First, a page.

EIP-1459/EIP-778 in a Browser environment


nim-waku has recently implemented EIP-1459 for peer discovery.

In short, EIP-1459 proposes a method to store and traverse a tree of peer records stored in DNS TXT entries for bootstraping purposes. Given a single enrtree url, one can retrieve connection information for a large list of nodes.
All entries are signed by a public key, which is provided as part of the enrtree url.
Link entries allows pointing to other domain name allowing discovery of further peers listed by different authorities.

EIP-1459 uses EIP-778 to encode peer information.

EIP-778 enables the encoding of arbitrary key/value peers, with the following keys having predefined meanings:

  • id
  • secp256k1
  • ip
  • tcp
  • udp
  • ip6
  • tcp6
  • udp6

In a browser environment, it is not possible to directly connect to TCP or UDP ports.
Currently, js-waku only support websocket (ws) connections. Other methods such as QUIC are being considered but not yet available.

Moreover, modern browsers only allow connections to a secure websocket (wss) within a secure context (https). For waku nodes to be reachable via wss they need to provide an SSL connection and hence setup a SSL certificate.
Modern browser accept both self-signed ip certificates and domain certificates signed by pre-defined root CA.
Also, websocket connections run over TCP as they initiate with an HTTP Upgrade.

This means that it is not possible to define peers reachable by a web app only using the keys predefined by EIP-778.


I propose to define the following keys to be used in EIP-778 entry for Waku EIP-1459 usage:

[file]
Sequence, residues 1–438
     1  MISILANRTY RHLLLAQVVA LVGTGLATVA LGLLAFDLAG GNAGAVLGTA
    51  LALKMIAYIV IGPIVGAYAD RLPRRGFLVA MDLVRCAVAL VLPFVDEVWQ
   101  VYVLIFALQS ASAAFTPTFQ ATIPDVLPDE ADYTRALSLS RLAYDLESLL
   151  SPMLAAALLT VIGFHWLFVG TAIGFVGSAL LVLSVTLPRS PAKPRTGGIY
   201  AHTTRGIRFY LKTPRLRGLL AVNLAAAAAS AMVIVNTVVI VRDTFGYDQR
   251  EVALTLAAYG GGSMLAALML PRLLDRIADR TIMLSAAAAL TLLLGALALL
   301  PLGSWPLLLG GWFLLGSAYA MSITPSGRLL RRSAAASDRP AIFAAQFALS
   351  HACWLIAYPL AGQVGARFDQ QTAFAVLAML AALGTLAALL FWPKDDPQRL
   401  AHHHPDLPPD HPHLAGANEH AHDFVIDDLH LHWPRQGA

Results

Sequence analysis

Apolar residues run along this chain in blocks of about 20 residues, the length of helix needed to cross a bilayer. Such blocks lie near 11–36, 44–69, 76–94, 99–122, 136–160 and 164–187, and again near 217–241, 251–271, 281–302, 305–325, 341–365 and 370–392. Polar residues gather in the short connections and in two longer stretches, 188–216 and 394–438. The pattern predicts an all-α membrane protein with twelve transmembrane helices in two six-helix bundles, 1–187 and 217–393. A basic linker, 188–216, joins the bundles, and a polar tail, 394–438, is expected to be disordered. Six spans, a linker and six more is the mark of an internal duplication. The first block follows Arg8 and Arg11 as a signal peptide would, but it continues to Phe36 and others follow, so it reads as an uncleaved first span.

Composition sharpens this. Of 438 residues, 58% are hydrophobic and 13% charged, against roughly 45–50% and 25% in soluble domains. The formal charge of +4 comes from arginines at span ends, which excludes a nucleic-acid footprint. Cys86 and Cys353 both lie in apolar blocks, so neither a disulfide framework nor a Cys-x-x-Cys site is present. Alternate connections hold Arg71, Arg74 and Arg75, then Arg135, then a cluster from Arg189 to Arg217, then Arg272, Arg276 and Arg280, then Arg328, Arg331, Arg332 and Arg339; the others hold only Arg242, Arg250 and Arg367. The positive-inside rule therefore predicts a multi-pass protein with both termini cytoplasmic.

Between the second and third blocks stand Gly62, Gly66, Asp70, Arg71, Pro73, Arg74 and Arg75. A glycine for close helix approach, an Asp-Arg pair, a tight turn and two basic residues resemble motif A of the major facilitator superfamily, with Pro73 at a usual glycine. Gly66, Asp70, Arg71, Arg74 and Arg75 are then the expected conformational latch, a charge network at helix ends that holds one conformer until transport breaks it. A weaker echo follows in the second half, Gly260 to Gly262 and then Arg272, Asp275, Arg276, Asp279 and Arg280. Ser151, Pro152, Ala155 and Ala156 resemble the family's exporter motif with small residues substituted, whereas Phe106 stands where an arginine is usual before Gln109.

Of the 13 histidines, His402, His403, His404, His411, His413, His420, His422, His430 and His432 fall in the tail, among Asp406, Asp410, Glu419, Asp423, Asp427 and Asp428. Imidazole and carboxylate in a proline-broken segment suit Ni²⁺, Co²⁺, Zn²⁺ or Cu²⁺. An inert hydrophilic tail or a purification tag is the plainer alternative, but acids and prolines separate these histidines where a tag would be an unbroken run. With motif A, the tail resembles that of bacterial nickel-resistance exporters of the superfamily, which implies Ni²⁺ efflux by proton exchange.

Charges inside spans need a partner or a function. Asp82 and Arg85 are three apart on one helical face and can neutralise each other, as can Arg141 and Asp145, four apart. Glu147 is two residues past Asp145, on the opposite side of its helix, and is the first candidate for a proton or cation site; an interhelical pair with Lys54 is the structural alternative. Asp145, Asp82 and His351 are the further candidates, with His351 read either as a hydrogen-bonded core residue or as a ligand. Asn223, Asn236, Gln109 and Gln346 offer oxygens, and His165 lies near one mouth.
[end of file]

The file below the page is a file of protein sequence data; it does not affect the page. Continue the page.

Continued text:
Key Value Type Value Length Value Description
fqdn utf-8 string Max 253 Bytes [1] Fully Qualified Domain Name of the node, SHOULD be used in favor of ip when the node is reachable via a FQDN.
wss Big Endian Integer - secure websocket port
wss6 Big Endian Integer - IPv6 specific secure websocket port


  • ws is not proposed as it has little practical value, https and hence wss should be preferred for all http content.
  • EIP-778 defines that The maximum encoded size of a node record is 300 bytes. . This should be kept in mind when encoding long FQDN.
  • See [1] regarding FQDN length, note that the max length is noted in characters which is not equivalent to Bytes since the introduction of utf-8 domains.
  • I could not find if any other application already use such keys (or similar) with EIP-778. I will do further investigation and update this post.


The maximum number of octets is a label is 63. RFC1035.
The maximum number of octets in a domain name is 255 octets. RFC1035
The maximum length of a fqdn, not a hostname, is 1004 characters. RFC1035
The maximum length of a full qualified hostname is 253 characters. Imputed from RFC952, RFC1123 and RFC1035.

Nimbus team reached out: Discord
Ethereum Magicians: EIP-1459/EIP-778 in a Browser environment - EIPs - Fellowship of Ethereum Magicians
Lodestar reached out, but does not seem to use any additional keys

Few ongoing discussions:

Regarding the discussions so far, it seems that it would be more future proof to simply add a single mutliaddr key that contains one or several multiaddrs for the node.

This would actually could be used by the ecosystem overall as eth2 also uses libp2p/mutladdrs.

Not sure how one would encode an array in RLP/ENR just yet.

ChainSafe does use a multiaddr entry in ENR: Discord so this is a promising direction.

ChainSafe is also using themultiaddr field. As libp2p is used in both eth2 and waku, it seems natural to slowly migrated towards the usage of multiaddr. The only remaining question is whether we could store several multiaddr in the ENR field. Indeed, AFAIK (will check), a multiaddr only contains one transport protocol stack info. ie, either TCP or UDP or WSS. you cannot express 2 in the same multaddr. Hence, ideally you’d want to store multiple multiaddr in on ENR and then select what multiaddr to dial depending on what protocol you support. Also, all multiaddr should have the same peer id. I wonder if we can deduce a peer id from secp256k1 field. If so, then the multiaddr could be peer-id-less.

Discussion taken to the spec repository:

Indeed, it now seem more appropriate to use 25/LIBP2P-DNS-DISCOVERY and direct deal with mutliaddresses for Waku v2 then extending ENR to fit multiaddr.